We Brits are masters of saying sorry. Apparently we apologise, on average, eight times a day. We often say it when we don’t really need to. It’s one of the most over-used words in our vocabulary and is a knee-jerk reaction to almost any circumstance. We use it as a form of ‘negative politeness’ so we appear well-mannered and modest.
We use it when we ask for something: “I’m sorry but could we get the bill please?”
We use it to help us in embarrassing situations: “Sorry! Think that was me. Last night’s curry. Sorry again.”
We use it when we bump into someone: “Oh sorry! I didn’t see you there.”
We use it when they bump into us: “Sorry! Ooops you didn’t see me there did you mate.”
We use it to be polite: “I’m sorry to bother you, but is anyone sitting here?”
We use it when we call someone on the phone: “Sorry to call you so late! I know Corrie is about to start...”
We use it when someone calls us and it’s their mistake: “Sorry, but I think you have the wrong number.”
We use it when we are late: “Traffic was awful. Sorry I’m late.”
And when we are early: “Sorry I’m a little early. Roads were clear.”
We use it to express sympathy: “I’m so so sorry to hear about your brother.”
We use it when we mishear something: “Sorry?”
We use it to interject. “Sorry, can I just butt in there.”
We use it when we hand over a large note to pay for a cup of coffee. “Sorry, it’s all I have.”
We use it to express delight: “Oh wow, exciting! Sorry I can’t stop smiling.”
We use it to express surprise: “ARGHHHH Jeez. Sorry! You startled me!”
We use it ALL the time.
So why do we struggle using this word for the purpose it was cultivated for?
We were taught as kids to apologise to our siblings, friends or parents if we were mean or hurtful or upset someone. An apology is the basic reaction to any childhood misbehaviour.
“Yeah I’m like sorry I flushed your doll down the toilet…”
Even if we begrudgingly said it. Often with a smirk if mother wasn’t looking. And with our fingers crossed behind our back so only your sister could see. And then whispered “I’m not really, cos you started it” in her ear as you sauntered by her bedroom minutes later.
It’s only years later we understand the concept of apologising in its truest form, and how it is interwoven with elements of self-recognition, human pride, self-righteousness and that inner battle of not appearing submissive or vulnerable.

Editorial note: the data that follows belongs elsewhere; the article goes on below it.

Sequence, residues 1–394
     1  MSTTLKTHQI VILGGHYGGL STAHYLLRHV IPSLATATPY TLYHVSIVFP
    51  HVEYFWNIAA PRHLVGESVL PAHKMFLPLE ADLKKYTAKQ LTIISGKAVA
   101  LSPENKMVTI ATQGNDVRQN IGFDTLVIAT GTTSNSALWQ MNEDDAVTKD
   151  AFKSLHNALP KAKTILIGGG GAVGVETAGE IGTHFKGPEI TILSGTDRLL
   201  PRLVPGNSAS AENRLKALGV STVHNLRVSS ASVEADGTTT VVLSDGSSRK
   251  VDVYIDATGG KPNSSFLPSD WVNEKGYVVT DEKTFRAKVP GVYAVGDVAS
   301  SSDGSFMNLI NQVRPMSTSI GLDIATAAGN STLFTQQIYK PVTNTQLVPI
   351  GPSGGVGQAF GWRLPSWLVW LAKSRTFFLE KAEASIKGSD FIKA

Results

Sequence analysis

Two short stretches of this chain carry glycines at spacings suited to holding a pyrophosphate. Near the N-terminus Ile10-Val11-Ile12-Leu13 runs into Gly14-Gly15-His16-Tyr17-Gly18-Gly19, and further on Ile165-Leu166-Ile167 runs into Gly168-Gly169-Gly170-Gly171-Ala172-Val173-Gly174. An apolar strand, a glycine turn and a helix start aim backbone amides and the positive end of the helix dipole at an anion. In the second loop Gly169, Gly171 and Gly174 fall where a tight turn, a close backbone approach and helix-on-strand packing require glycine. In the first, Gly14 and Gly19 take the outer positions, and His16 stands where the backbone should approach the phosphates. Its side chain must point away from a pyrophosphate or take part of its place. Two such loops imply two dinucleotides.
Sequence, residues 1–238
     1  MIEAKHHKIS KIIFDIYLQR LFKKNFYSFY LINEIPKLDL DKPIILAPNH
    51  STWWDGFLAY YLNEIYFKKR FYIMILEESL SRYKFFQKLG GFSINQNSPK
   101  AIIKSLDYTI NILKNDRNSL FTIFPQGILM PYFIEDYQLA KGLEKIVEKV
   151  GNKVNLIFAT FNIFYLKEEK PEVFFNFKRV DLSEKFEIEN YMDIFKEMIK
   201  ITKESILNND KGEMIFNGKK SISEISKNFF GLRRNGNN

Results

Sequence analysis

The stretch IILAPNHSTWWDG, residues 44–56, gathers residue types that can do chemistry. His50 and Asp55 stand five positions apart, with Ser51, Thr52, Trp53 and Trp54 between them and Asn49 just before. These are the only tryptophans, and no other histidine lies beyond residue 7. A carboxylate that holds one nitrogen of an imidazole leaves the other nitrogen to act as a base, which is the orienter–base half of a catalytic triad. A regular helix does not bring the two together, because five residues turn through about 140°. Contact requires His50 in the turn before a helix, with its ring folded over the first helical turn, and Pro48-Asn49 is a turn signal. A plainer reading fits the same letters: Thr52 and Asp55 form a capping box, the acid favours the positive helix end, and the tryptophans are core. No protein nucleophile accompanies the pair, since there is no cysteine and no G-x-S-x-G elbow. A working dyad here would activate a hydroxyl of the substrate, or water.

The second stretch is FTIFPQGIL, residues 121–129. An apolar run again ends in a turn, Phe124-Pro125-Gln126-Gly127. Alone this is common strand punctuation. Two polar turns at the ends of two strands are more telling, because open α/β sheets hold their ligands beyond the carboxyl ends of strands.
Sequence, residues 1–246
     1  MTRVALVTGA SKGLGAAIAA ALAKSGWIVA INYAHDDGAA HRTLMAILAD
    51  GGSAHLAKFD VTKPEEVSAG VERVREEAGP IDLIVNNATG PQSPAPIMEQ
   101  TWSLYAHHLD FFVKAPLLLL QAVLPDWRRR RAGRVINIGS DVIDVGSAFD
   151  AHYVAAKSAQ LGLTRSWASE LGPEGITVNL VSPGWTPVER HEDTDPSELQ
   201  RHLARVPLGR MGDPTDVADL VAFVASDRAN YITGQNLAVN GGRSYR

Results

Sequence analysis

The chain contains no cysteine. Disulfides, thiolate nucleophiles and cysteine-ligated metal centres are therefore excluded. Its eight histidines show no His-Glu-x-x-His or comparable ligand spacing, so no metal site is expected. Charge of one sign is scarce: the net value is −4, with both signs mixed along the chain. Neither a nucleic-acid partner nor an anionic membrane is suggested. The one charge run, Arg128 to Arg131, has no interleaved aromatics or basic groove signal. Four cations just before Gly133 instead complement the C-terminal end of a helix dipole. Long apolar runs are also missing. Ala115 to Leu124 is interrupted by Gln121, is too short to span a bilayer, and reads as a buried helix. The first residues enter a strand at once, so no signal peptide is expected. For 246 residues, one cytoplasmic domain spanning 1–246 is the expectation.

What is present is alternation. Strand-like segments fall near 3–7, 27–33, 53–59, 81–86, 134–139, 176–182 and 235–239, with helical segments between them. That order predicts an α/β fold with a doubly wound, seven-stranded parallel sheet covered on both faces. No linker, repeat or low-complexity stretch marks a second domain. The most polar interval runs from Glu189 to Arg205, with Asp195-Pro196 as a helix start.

But why do some consider apologising as a sign of weakness? Surely, it’s a positive quality rather than a negative. It should reaffirm shared values. It should suggest self-awareness, maturity and humility. Demonstrating emotional vulnerability is not a bad thing even if it is painful or difficult at times.
Enter stage right: Pride. Stubbornness. Arrogance. Disrespect. And our old friend Ego.
We, as humans like to defend our positive self-image. An apology can sometimes feel like an admission that we are inadequate. We don’t want to apologise because we don’t want to feel bad about ourselves or appear flawed. But nobody is perfect. And we all try to flush our sister’s Barbie doll down the toilet at some stage of our lives.
An apology is one of the most important principles in life. It’s the epoxy glue in a kitchen of broken plates. It can sort a hairline crack or possibly something smashed into smithereens. The plate might not be as sturdy or robust as before. It won’t hold a chicken dinner. But it might sustain the weight of a pork pie.
The world apology comes from the Greek roots of apo and logia (meaning ‘speaking in defence’). It was used initially to indicate a justification or defence of a belief or an idea. The word apology began to mean ‘I’m Sorry’ around the end of the 16th century and its origin is attributed mostly to the works of Shakespeare and stems from the Old English word sorh or sorg (sorrow).
“My lord, there needs no such apology. I do beseech your Grace pardon me”Richard III
An apology creates balance and can restore trust. It can help heal a wrong and help make things right. It means someone has understood their wrong-doing and has the ability to look at themselves and admit their mistake and make an effort to make amends. It is how we express regret or remorse for our actions.
The aim is to seek forgiveness to reconcile and restore a relationship. The ‘when’ and ‘how’ the apology is offered can affect the outcome of the forgiveness. For most misdemeanours those two words, backed with genuine remorse and a hug is often all that is required and will beat a bunch of flowers or a box of Milk Tray hands down. (although never underestimate the power of chocolate). More severe transgressions might require a little more effort and a genuine hard look at your actions. Some sins may be simply unforgiveable.
But it starts here, with an olive branch and whatever words you choose: I apologise – I’m sorry – It was my fault – Please forgive me – I fucked up. A sad faced emoji might be a start. Even My Bad is better than nothing (if you’re 12). Because without an apology there is no forgiveness. Without forgiveness there is conflict. With conflict there is no truce. And as a community and a nation we need peace and reconciliation.
Saying sorry may mean the plate will still never, ever return to its former glory. But in life nothing ever retains its pristine brand-new spotless condition. I’m sorry to say, we are all a little cracked and broken and mostly held together with super glue.